Organizing community volunteers is hardly a new idea. Friends groups, nonprofit partners and dedicated park staff have been harnessing the goodwill of their nearby neighbors for generations through one-day and ongoing volunteer service opportunities often focused on land management activities. Most park professionals understand the value of engaging and educating community members through hands-on service and are dedicated to cultivating stewards within their communities. But organizing volunteers can be time consuming and resource heavy, even when dedicated volunteer and outreach staff exist within a department. Often volunteers are tasked with a limited scope of responsibilities — trash cleanup, mulching playgrounds, landscape plantings — that allow a park agency to accomplish in one day work that would otherwise take staff weeks to complete. While these efforts can be vital in keeping up with overflowing and ongoing maintenance needs, volunteer activities are often disconnected from longer-term management strategies or restoration efforts. When volunteer activities do fit into a larger scope of work for the park agency, volunteers themselves are often unaware of the long-term goals or context of their efforts.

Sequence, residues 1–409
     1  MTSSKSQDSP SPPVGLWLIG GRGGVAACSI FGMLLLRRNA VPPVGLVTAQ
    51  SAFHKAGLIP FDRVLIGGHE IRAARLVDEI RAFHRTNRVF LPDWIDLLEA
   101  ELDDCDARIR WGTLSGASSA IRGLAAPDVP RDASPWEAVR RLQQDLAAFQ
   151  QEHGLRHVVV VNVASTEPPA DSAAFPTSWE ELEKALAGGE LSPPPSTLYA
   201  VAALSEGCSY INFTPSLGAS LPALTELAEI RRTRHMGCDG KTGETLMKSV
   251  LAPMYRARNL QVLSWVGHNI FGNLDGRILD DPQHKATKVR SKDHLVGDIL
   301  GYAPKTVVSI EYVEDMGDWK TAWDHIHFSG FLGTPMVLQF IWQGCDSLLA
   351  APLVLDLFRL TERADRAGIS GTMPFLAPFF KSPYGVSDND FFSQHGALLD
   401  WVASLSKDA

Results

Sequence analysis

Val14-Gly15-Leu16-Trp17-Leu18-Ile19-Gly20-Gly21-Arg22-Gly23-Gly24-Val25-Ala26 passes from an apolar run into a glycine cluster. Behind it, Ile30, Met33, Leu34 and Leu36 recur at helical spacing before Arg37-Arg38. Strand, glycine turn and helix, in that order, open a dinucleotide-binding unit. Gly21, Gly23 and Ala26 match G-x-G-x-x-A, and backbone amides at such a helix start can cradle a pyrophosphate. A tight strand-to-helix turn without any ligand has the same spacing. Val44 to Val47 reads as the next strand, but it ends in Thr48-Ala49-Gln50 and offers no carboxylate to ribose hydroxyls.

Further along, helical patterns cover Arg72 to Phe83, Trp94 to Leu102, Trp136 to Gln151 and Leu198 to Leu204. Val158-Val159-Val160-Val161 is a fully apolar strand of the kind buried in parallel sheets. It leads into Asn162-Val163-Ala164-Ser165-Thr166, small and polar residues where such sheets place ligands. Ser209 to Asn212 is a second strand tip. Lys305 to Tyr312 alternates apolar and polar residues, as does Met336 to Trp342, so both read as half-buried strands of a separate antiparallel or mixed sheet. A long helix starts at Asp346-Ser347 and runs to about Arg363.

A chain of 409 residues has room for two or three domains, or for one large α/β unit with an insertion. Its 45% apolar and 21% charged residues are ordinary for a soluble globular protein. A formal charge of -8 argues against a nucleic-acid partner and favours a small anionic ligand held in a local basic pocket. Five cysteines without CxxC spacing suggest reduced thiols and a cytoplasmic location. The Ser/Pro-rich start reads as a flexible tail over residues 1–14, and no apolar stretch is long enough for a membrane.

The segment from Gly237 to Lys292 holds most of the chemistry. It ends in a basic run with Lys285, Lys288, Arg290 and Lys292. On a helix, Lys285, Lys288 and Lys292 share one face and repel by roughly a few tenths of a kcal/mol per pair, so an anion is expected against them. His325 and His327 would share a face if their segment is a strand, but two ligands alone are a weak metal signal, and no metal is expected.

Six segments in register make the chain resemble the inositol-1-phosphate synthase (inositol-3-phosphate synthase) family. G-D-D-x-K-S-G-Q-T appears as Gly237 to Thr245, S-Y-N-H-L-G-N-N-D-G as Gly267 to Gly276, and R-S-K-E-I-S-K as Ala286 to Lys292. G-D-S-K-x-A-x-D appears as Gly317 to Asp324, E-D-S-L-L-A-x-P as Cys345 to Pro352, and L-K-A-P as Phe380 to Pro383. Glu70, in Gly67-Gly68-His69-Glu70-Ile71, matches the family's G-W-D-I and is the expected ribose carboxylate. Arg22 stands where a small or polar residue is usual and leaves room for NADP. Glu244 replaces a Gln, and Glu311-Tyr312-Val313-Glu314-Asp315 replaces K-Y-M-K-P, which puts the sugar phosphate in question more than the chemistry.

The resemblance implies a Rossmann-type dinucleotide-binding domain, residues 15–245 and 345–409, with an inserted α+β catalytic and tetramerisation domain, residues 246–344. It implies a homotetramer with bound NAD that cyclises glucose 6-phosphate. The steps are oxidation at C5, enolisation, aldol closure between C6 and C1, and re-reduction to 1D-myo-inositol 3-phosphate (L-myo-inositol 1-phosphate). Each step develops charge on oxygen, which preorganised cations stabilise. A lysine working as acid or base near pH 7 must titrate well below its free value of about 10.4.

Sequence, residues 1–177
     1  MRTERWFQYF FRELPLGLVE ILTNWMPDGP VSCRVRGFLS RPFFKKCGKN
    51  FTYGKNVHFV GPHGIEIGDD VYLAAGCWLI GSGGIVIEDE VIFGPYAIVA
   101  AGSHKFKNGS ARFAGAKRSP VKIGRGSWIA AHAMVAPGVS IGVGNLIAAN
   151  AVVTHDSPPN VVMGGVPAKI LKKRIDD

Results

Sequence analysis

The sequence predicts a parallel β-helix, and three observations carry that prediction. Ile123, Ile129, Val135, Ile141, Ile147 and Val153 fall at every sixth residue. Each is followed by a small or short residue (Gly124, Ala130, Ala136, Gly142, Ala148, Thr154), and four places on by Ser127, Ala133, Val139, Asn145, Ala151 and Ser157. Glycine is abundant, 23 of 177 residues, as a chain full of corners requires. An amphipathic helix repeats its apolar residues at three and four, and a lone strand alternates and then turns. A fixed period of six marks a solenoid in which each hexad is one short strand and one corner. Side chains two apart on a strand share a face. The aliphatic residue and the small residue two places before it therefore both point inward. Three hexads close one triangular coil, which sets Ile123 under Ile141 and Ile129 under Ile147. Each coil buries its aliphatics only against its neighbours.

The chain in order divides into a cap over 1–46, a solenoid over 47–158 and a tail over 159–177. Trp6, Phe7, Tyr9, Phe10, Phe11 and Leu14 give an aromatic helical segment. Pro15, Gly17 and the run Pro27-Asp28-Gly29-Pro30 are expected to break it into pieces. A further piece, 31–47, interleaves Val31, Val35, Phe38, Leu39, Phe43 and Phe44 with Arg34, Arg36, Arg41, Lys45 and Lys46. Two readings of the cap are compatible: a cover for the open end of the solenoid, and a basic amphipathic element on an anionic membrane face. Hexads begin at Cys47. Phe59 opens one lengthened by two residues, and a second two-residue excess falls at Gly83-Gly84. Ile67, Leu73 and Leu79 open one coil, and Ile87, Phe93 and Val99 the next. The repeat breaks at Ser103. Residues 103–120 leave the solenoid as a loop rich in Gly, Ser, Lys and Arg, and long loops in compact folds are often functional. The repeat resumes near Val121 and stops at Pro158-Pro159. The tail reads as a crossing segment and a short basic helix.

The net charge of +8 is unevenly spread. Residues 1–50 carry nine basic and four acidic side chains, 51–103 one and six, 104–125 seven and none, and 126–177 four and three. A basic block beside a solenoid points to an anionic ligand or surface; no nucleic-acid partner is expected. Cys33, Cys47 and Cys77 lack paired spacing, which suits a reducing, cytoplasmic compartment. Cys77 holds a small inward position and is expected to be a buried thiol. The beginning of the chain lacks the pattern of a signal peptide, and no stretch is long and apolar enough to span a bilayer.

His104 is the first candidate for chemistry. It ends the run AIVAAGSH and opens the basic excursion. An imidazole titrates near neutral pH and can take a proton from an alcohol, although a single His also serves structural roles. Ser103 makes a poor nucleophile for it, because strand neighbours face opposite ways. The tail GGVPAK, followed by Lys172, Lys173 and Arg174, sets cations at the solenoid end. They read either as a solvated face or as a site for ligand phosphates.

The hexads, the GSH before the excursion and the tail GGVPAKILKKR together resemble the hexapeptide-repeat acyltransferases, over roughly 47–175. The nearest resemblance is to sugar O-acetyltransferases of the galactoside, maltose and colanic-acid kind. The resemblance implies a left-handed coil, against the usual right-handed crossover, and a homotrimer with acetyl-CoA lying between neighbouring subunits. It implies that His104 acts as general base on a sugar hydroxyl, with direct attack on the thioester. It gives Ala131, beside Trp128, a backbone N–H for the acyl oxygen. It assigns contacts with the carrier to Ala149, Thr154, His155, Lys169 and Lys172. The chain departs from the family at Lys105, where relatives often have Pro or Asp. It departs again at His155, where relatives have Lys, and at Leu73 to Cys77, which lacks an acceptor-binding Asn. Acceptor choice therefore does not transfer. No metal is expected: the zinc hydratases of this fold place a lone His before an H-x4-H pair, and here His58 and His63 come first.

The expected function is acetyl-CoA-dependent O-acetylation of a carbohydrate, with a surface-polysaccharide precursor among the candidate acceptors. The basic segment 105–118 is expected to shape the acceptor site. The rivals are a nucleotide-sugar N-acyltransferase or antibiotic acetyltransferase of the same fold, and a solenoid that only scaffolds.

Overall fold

Several park agencies across the country have begun to challenge the volunteer status quo and ask themselves, how can the energy of volunteers be leveraged to accomplish our long-term restoration goals while taking into consideration the limited capacity of park staff? Essentially, how can park and recreation leaders empower community members to take the lead in revitalizing their parks?
The idea of relying on volunteers to implement involved and ongoing restoration work is often met with a slew of skeptical questions: How can we find volunteers that possess the expertise or skills needed for this type of work? Where will we find motivated and reliable members of the community willing to invest their time? Once we do, what is the incentive to keep these volunteers long term? Who is going to manage these volunteers and how will we accurately track their efforts?